My personal fave would have to be getting more disability events, particularly for DHM. We massively stepped up Disability History Month last year from the year before, especially with the help of current VP Welfare Aycha, but this year I will get more societies involved to host their own events - YogaSoc's accessible yoga classes and SignSoc's beginner BSL lessons were lovely, but more sports societies deserve to have adaptive events incorporated into the month's schedule to increase the currently very low intake of disabled students into our uni's sports. Perhaps cultural societies can provide educative events on their countries' progress toward disability equality. Speaking of which, this year's Disability History Month will feature a board featured in the entrance to the SUSU building, of snippets about the history of disability advocacy and the progress that has resulted in the UK and abroad! To accommodate for the extra load of events, I will work with the web/marketing team to trim down how they advertise the event on social media, but I will also make sure that events are more spread out across the month than last year's, as I know the exhaustion of attending so many events in such a short period of time from personal experience. Of course, as mentioned in my manifesto there will also be guest speakers at workshops focusing on autistic advocacy, with a cozy focus on sensory comfort! Plushies and chew toys can do wonders to help your mental health :>
Candidate for Disabilities Officer
- Promoting faculty hands-on support and intervention
- Pushing for more disabled toilets and larger bins
- Physical and social accessibility guide for societies, especially for sports
- More events but less advertisement spam for Disability History Month
- Monitoring and collecting community feedback for new special considerations system
Why vote for Beems Brealey?
I’m Beems, an autistic bean studying Mathematics with Statistics in my second year. I have extensive experience in voluntary work. I’ve been a secondary school mentor for students with needs, helped design a sensory room, and have helped on forums for mental and physical health for years. I’m currently Disabilities Officer for SUSU, and I’m looking forward to another year of helping our community!
My policies this year involve:
• Getting faculties’ hands on support
Abolish attendance marks, replace with check-ups for students who drop off attendance. Further pressure on support coordinators to implement support recommendations ASAP, and to fully verify that such accommodations are being correctly provided.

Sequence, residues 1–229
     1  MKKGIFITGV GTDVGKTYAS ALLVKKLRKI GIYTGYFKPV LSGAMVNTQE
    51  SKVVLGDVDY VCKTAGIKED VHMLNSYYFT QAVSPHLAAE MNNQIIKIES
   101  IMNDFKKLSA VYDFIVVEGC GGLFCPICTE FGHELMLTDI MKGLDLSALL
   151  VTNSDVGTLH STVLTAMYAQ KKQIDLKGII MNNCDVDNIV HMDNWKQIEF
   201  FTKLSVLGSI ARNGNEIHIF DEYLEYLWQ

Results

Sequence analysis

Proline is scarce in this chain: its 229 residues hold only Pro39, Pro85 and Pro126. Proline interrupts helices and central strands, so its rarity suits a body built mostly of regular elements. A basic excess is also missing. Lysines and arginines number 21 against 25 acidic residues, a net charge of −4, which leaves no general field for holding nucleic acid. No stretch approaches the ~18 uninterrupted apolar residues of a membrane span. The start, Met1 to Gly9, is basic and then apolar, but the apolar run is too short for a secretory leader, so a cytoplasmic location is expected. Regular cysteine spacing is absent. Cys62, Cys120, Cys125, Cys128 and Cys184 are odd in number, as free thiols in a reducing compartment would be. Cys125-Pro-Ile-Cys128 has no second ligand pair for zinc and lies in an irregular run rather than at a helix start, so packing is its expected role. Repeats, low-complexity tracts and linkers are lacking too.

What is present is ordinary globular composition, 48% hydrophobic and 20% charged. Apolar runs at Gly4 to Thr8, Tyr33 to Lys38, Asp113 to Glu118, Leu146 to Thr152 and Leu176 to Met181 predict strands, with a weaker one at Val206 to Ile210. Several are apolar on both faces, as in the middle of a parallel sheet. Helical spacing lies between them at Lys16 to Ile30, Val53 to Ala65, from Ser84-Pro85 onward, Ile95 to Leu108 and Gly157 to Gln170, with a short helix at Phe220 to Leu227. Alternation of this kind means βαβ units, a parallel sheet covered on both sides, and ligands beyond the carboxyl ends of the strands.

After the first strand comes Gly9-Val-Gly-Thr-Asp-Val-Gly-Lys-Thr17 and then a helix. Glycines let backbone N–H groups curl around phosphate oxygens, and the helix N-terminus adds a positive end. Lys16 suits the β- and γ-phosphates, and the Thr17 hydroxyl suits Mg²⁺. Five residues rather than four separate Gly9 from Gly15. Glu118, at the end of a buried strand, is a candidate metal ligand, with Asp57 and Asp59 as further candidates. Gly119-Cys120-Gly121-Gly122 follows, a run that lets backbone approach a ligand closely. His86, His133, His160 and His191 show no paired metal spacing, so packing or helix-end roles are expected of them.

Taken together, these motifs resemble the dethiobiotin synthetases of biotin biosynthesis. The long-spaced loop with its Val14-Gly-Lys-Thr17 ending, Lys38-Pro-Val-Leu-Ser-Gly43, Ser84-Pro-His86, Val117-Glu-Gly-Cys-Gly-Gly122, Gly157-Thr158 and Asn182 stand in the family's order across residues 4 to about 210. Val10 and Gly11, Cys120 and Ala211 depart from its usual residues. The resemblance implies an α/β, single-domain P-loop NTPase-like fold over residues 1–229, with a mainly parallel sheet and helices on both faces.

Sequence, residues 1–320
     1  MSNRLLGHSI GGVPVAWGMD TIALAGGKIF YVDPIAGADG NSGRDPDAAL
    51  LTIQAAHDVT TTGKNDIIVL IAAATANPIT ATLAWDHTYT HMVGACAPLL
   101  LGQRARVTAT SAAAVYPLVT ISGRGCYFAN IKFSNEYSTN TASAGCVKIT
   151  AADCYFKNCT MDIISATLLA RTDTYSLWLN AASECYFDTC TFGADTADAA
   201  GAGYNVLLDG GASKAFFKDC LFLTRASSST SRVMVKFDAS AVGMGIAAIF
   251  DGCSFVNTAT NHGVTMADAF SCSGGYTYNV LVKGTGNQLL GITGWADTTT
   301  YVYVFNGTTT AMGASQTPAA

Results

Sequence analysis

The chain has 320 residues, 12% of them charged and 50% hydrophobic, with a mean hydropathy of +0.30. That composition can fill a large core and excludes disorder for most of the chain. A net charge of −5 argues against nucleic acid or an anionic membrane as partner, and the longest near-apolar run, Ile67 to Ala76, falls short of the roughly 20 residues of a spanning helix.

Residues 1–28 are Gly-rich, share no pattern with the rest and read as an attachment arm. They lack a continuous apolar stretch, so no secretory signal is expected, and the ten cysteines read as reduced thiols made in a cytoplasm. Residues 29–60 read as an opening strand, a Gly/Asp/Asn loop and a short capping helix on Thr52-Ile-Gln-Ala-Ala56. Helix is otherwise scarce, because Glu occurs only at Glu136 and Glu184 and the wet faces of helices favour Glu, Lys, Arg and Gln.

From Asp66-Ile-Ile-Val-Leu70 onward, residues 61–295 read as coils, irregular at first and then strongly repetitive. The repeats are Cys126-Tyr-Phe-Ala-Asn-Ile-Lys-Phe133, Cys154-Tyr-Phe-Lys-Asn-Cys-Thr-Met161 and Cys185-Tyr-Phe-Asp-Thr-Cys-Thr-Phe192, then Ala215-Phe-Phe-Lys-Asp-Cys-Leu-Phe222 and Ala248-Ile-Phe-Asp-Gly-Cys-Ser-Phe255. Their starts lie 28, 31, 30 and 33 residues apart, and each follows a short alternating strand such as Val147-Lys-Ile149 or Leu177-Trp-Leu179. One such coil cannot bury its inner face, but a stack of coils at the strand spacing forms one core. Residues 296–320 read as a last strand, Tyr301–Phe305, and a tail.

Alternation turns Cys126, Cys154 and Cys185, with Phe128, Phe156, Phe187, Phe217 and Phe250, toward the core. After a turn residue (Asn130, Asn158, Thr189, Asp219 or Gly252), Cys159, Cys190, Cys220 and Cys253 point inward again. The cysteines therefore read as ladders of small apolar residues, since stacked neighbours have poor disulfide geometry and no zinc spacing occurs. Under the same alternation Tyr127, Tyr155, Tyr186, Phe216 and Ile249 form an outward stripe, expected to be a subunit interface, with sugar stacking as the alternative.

• More facilities, better signage
Installing Changing Places toilets as well as larger bins in existing toilets, adding braille stickers to lift buttons and signposts, redesigning stairs for high-contrast colour, thoroughly reviewing building information on the AccessAble website.
• Creating new and more accessible welfare training resources
Creating a new guide for physical and social accessibility for societies – make societies aware of existing (optional) disability disclosure forms. Work with web team to improve mobile compatibility for the Moodle training site where this will likely be hosted.
• Further improving Disability History Month
Splitting up the overwhelming spam of SUSU advertisements to be more tailor-made to your preferences. For DHM itself, more History, more events across the month, and more activity on other campuses!
• Reviewing accessibility and connectivity between campuses
Monitor and push for far better wheelchair accessibility for BlueStar buses. Push for free passes to WSA students for upcoming new route between Winchester and Portswood
• Reviewing new Special Considerations system
Collecting feedback from disabled and neurodiverse students on the upcoming Special Considerations process, and continuing to act as a bridge between students and the Student Hub in general for issues such as this.
• More routine wellbeing events
I will organise joint events with the Disability and Inclusion Team for casual drop-in conversations with wellbeing practitioners, and will organise guest speakers for the Autism Matters workshops. I will continue the Chatty Cafés provided this year whilst also introducing “cuddly workshops” involving plushies and tea!
This year as Disabilities Officer has been a fascinating yet productive one. Changes have been promised to the Special Considerations process, SUSU’s own respite area being made in the Welfare Room, with a sensory wall due to be installed soon. To me, it is clear that there are many working at the university who are passionate to provide access to students of all backgrounds and health, but there is still so much more to be done to get disabled students the help they deserve.